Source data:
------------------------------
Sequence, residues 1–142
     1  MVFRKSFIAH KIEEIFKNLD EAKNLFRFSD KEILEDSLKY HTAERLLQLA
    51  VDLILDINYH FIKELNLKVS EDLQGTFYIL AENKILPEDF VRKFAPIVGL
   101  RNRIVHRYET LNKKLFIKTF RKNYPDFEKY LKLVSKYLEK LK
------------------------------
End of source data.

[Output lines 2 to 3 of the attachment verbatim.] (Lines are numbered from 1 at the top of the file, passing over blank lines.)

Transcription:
     1  MVFRKSFIAH KIEEIFKNLD EAKNLFRFSD KEILEDSLKY HTAERLLQLA
    51  VDLILDINYH FIKELNLKVS EDLQGTFYIL AENKILPEDF VRKFAPIVGL